September 9, 2020

When Research Becomes a Novel: Under the Tulip Tree –Part 1

Michelle Shocklee

As an author of historical fiction, I know that solid research breathes life into my books. What I didn’t know was how it could change the trajectory of my life. In May 2013, I purchased a research book on slavery that would do just that. I Was Born in Slavery: Personal Accounts of Slavery in Texas is a small, unremarkable-looking book, with a black-and-white photograph of a smiling, older black gentleman gracing the cover. Yet the pages of this little, unassuming book are filled with the captivating, often heart-wrenching word-for-word narratives of life in bondage, told by twenty-nine brave individuals to interviewers employed by the government.

After the stock market crash of 1929, millions of Americans found themselves out of work. Beginning in 1933, a series of government programs were created to help Americans get back to work. One of them was the Federal Writers’ Project. The FWP provided employment for historians, teachers, writers, librarians, and others with a knack for the written word. Originally, the purpose of the project was to produce a series of guidebooks, focusing on the scenic, historical, cultural, and economic resources of the United States. More projects were added, and by 1936, FWP employees were dispersed across the Southern states with one objective: record first-person accounts of people who had once lived in bondage. The result was what is now known as Slave Narratives: A Folk History of Slavery in the United States from Interviews with Former Slaves. This collection, archived in the Library of Congress, contains more than 2,300 first-person accounts of slavery and 500 black-and-white photographs of former slaves. There are even a handful of unforgettable recordings.

How did the slave narratives change my life? you might wonder. First, I don’t believe anyone can read or hear the words of a former slave, telling their story in their own way, and not be affected. But in all honesty, I stumbled upon the slave narratives quite by accident. I was researching slavery in Texas for my historical romance series and wanted the characters’ lives to be authentic. Even though slavery had existed in America since the 1600s—and quite possibly before that—I didn’t want to use generalities. I wanted to honor the people who’d been enslaved in Texas by telling their stories through my characters, so I purchased I Was Born in Slavery.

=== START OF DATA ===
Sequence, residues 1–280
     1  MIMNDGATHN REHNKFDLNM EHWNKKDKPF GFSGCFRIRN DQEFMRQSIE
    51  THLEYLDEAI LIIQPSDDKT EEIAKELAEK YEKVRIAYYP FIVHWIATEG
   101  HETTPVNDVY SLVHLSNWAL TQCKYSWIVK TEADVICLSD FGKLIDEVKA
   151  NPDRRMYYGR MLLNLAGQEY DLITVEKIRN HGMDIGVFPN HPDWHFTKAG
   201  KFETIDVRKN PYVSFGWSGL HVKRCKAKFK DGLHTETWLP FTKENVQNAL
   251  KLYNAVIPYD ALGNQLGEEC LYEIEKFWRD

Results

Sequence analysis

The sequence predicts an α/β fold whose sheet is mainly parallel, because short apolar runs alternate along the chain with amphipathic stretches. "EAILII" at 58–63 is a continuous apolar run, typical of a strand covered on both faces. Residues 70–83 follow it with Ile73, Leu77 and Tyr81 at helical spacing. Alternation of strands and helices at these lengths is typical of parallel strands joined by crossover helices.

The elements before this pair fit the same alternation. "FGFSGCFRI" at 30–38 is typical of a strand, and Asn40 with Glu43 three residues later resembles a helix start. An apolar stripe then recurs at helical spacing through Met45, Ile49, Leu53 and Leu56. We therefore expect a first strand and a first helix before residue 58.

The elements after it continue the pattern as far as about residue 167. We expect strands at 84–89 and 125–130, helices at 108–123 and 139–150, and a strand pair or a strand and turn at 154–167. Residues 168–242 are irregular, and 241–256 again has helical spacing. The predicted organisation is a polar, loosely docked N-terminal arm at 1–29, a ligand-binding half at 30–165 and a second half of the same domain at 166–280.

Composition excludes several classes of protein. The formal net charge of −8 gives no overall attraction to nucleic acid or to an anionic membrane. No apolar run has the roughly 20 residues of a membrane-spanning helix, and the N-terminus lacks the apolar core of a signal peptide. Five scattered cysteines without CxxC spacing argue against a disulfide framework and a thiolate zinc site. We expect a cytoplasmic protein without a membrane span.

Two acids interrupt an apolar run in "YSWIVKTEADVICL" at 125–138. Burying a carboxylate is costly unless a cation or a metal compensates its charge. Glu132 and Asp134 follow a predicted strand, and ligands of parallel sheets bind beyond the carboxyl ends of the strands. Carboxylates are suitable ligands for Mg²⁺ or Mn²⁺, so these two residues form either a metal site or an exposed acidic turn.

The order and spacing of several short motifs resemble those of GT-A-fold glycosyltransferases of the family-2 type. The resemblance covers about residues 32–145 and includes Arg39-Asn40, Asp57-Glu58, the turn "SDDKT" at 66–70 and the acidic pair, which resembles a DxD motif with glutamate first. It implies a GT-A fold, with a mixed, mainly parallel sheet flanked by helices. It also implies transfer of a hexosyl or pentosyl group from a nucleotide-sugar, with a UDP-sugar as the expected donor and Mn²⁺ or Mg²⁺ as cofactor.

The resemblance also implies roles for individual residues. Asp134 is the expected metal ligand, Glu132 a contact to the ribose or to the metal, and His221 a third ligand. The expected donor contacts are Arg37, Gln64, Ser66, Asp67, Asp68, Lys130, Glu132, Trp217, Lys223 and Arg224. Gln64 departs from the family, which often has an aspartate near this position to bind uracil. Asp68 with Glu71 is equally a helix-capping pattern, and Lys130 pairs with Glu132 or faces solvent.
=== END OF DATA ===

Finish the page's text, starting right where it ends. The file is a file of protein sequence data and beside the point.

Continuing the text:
That little book turned out to be far more than a research book.

It began an awakening in me. Reading word-for-word narratives and studying the many photographs that accompanied them took slavery out of the history books, where facts and secondhand storytelling tend to dull the emotions and placed the former slave right there in my office. With an uncomfortable awareness, I realized I had never truly taken a hard look at the reprehensible institution of slavery. Like most children who attended public school in the seventies, I remember studying slavery in history class. I’ve read novels and watched movies that depict the life of slaves in the South, but I had a cursory knowledge of what it meant to keep a person in bondage. I’d never put a face and name to that person. The slave narratives do exactly that: put a face and a name on slavery.

Michelle Shocklee is the author of several historical novels. Her work has been included in numerous Chicken Soup for the Soul books, magazines, and blogs. 

Married to her college sweetheart and the mother of two grown sons, she makes her home in Tennessee, not far from the historical sites she writes about. 

Visit her online at


  1. I think it would be good for everyone to read the research book that changed your life!

    1. Hi Patricia, I so agree! Luckily, the slave narratives are online, available for anyone to read. But since there are over 2300 of them, the few books like the one I have are quite handy. Thanks!

  2. Be sure to read Part 2!